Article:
Whistler Public Library has a busy schedule of fantastic free programming running through the week:
- Mondays: Music & Words from 10 to 10:30 AM for 2 – 5 year olds.
- Tuesdays: Rhyme & Song from 10:30 to 11 AM for toddlers (ages 1 – 3).
- Wednesdays: Preschooler drop in Book & Craft Club from 10:30 to 11:30 AM (ages 3 – 5) .
- Thursdays: Parent Infant Drop-In from 11 AM to 12:30 PM for parents and babies (0 – 12 months).
- Fridays: Preschool Story Time from 10:30 to 11 AM (ages 3 – 5) .
- Saturdays: Singing with the Babies from 11 to 11:30 AM for parents with infants from birth to walking. Then drop in Family Together Time for all ages from 3:30 to 4:30 PM, with crafts, board games and a story corner.
Whistler Sightseeing Tour
A Whistler Sightseeing Tour is a great way to see a lot without burning out the little ones. You’ll be transported to Whistler’s must-visit sights by a local and knowledgable guide in a comfortable shuttle. There are some short walks at attractions but the paths are suitable for the whole family. As a bonus, the picturesque sights make a great backdrop to family photos!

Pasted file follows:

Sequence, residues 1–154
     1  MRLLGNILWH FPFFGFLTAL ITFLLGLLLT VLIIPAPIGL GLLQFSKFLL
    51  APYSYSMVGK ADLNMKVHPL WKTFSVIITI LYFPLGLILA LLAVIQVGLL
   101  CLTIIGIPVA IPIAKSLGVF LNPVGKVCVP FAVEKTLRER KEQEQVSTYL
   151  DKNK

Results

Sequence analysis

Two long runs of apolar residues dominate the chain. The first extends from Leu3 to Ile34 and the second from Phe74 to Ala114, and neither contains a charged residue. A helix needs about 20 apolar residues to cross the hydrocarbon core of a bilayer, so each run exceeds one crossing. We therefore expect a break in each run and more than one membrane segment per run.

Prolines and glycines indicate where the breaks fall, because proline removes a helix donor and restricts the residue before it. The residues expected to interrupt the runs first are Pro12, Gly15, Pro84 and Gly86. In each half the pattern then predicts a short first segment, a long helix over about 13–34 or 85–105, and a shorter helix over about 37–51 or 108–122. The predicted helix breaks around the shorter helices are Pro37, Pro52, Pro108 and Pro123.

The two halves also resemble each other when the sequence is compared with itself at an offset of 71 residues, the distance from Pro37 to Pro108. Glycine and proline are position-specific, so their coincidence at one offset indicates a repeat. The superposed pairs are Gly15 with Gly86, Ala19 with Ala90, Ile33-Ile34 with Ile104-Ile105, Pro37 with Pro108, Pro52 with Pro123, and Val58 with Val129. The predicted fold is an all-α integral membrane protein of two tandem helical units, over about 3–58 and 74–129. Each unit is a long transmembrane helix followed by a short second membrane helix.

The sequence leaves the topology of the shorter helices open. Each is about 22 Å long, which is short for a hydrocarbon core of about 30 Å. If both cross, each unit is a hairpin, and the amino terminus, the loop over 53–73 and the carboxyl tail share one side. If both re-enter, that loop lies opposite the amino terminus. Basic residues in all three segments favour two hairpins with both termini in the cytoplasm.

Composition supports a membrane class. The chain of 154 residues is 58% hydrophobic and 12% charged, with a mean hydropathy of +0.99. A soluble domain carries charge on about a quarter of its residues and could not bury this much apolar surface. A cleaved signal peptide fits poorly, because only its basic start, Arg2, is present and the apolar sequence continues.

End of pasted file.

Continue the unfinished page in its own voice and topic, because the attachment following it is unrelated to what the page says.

Grade Schoolers and Tweens: 5 – 12 Years
Now where do I start? If you’re looking to burn off steam in the great Canadian outdoors, try a family snowmobile tour where kids aged 5 and above can go tandem with a paying adult. Some tours offer the opportunity to try a “mini-z” where the kids can have a go at riding their very own machine, while others include a ride to an igloo on Blackcomb Mountain!
Snowshoeing is another option to get the kids exploring, and Blackcomb Snowmobile’s new tour features a trip to their Teepee for hot chocolate. Note that walking in snowshoes can be a bit daunting for the little ones so it’s definitely for the adventurous. If you have a younger child that you can carry in a backpack that’s an option too, but consider that walking through snow is definitely tougher than on solid ground.